Morning after Dog bit two residents to death
Found this report in today's PUNCH newspaper and just had to share it here...it is a must read for Dog owners.
The news that a young boy died from dog bite three years after his father also died from a similar cause would make many people curious. But this is the tragic story that has unsettled Mologede Estate, an unplanned but tranquil neighbourhood in the Meiran area of Lagos.
James Musa, a boisterous 13-year-old had relocated to Lagos from Abuja, after a rabid dog fatally bit his father in the Federal Capital Territory. On the often deserted inner roads in the estate, Musa and his teenage friends played football. They would shoot the ball into any neighbouring house where residents would scream at them to get them right back on the streets.
With three deaths in a spate of one month, even a Nollywood tragedy script cannot be grimmer. During a visit to the estate on Friday, our correspondent learnt, however, that Musa might still be alive if he had told his aunt and her husband of the real cause of the scratch just below his right eye. But he did not.
It was also learnt that the cycle of deaths did not start with Musa. Jerry, a huge Alsatian dog owned by the Ogundiran family living in the estate, allegedly caused the string of deaths, which by now has Musa, Jerry and Aishat Opakunle, a 21-year-old National Diploma graduate on its list. Jerry’s owner, identified simply as Mr. Ogundiran, and his family had allegedly fled the community since news of the first death broke.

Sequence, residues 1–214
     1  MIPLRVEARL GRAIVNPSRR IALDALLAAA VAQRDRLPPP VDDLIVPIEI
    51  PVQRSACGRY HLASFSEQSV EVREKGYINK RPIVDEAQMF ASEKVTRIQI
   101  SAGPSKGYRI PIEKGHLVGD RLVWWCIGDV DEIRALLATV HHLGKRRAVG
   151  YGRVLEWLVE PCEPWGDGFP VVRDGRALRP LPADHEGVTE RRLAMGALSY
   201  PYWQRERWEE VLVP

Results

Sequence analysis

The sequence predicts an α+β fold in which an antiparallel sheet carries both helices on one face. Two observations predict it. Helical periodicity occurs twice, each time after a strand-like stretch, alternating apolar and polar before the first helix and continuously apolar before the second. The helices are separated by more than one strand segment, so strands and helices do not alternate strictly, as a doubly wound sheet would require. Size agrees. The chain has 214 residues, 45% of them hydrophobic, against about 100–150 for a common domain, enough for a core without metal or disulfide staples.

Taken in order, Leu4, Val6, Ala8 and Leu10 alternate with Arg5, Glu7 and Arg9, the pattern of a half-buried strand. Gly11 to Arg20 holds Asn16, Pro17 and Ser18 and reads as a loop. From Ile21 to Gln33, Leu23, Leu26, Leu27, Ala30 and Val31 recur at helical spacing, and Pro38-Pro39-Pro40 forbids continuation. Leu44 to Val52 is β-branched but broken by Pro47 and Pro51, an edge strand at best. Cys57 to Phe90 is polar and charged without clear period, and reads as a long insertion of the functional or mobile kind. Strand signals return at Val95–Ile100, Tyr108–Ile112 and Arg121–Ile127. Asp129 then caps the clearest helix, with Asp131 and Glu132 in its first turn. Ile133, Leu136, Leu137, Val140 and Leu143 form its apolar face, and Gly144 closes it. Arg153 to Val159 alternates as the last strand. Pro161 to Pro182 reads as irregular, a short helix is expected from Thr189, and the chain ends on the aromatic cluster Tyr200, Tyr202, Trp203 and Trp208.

A community of amorphous cottage houses, Mologede Estate is home to a cluster of middle class families whose buildings are mostly modest, unpainted and without a fence. The Opakunle’s house on No. 114A is just beside No 115A where Jerry lived with the Ogundiran family. Both houses are without a fence and so it was not unusual for the dog to move into the next compound. Neighbour’s accounts had it that the dog was a frequent sight on the road and in Opakunle’s shop where Aishat usually fed him with crumbs of food.
Things went awry last month when Musa allegedly touched the dog while playing with friends in No. 113A. Jerry was said to have jumped on him, mauling the boy just under his right eye. Unknown to its owners and neighbours, the Alsatian was not done with its deadly mission. Without provocation, it bit Aishat on her right palm on the night of the same day it attacked Musa.
Narrating the incident to our correspondent, Musa’s aunt, Mrs. Racheal Daudu, expressed sadness at the turn of events. According to her, Musa was a promising child who just passed his Junior School Certificate Examination. She blamed the wife of the dog’s owner for not disclosing to neighbours that it had rabies.